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Old 10-28-2011, 07:18 AM
Location: West Tennessee
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Reputation: 1331
My state, but I specify what region (SE Missouri) I'm originally from. It's probably more of a Missouri thing because culturally Missouri is 4 or 5 different states.
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Old 10-28-2011, 07:40 AM
Location: Brooklyn, New York
3,737 posts, read 3,848,110 times
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City. I also find it interesting that a lot of people, especially out west, emphasize counties as well. Here, the majority of people don't even know what county they live in. I am pretty sure less than 25% of adult New Yorkers can name the 5 counties of the city.
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Old 10-28-2011, 07:41 AM
Location: East Coast of the United States
17,234 posts, read 19,531,226 times
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When traveling abroad, most people are more familiar with major U.S. cities than they are with states. The biggest exception is California and sometimes Texas and Florida as well.

I can go pretty much anywhere in the world and say I'm from Washington. And people know immediately that is Washington, D.C.
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Old 10-28-2011, 08:11 AM
Location: roaming gnome
12,391 posts, read 24,559,220 times
Reputation: 5662
State, I've always felt more of a transplant and have moved around a LOT since I was 18...and probably will continue to into the future. I'm eying both DC and NYC for the job market there. But there aren't too many native Floridians so...I'll go with Florida as I grew up on the beach there. I do like a lot about FL but not really the cities there. I still go there fairly often to visit parents and such. As much hate as FL sometimes seems to get (And I hate it for certain things sometimes also), it does have good weather, and it does have lots of diversity as well as biodiversity. I also think it would be disingenuous to rep somewhere like NYC or Chicago and have only lived there a few years... Yet so many people do that for some reason. I think they try to associate the city with their self worth after moving there from say, Nebraska. I also think it is disingenuous for suburbanites to do it. I think after you are there for a decade or so, you can start claiming it.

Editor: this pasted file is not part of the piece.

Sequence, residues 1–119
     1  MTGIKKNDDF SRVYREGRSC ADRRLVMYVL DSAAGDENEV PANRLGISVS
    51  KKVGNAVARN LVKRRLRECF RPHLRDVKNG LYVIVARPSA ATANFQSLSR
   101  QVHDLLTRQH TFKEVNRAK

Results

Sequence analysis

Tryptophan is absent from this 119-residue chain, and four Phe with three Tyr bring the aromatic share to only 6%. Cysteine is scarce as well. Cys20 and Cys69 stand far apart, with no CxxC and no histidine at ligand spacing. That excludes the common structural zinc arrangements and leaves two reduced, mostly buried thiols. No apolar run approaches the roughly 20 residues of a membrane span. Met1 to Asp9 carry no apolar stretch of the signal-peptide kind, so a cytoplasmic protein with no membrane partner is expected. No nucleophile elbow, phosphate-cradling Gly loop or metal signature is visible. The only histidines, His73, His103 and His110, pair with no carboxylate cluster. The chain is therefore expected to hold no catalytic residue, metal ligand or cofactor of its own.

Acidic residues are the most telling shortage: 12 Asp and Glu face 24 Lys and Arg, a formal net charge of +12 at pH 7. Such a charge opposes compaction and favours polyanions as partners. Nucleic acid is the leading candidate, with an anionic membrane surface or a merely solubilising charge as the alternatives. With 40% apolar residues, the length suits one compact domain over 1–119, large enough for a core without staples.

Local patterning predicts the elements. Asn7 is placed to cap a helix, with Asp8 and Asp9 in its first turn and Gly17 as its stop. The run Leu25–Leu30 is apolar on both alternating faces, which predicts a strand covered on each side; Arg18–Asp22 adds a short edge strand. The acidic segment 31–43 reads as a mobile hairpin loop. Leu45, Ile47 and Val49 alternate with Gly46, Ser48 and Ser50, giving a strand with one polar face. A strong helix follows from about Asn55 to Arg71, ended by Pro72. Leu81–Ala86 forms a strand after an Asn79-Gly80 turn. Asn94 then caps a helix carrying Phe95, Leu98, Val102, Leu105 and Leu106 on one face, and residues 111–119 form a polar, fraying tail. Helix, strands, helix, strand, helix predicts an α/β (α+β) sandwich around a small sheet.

I can't say I have allegiance to anywhere necessarily, I have friends allover.

Last edited by grapico; 10-28-2011 at 08:29 AM..
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Old 10-28-2011, 08:12 AM
Location: Maryland
4,265 posts, read 5,475,910 times
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I identify with city, and I'm in Madison, WI.

Although I think a general trend may be that if a state is dominated by one very large city, people are probably more apt to identify with the dominant city than the state...especially if that city is well-known on a global scale (NYC, Chicago, Boston, Seattle, etc.). The caveat being if you live in a state and are nowhere near the dominant city in the state. I think then people tend to emphasize "We live in [state] but not [state's dominant city]." For example, my family lives in Illinois, but in Springfield, so they tend to emphasize that they live in Illinois but not Chicago, because people automatically assume if you say Illinois that you live somewhere in/around Chicago.
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Old 10-28-2011, 08:28 AM
Location: Republic of New England
633 posts, read 1,280,394 times
Reputation: 192
I go by state and the region of New England
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Old 10-28-2011, 09:07 AM
4,668 posts, read 6,111,171 times
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Good question. I think it all depends on the size of the city and how well known it is. I grew up in Davenport, Iowa. But when people ask where I'm from I'm not going to say Davenport..I'm from Iowa.

I've lived in Chicago for the last 10 years and identify with this city more than the state of Illinois. When someone asks where I live I say Chicago not Illinois.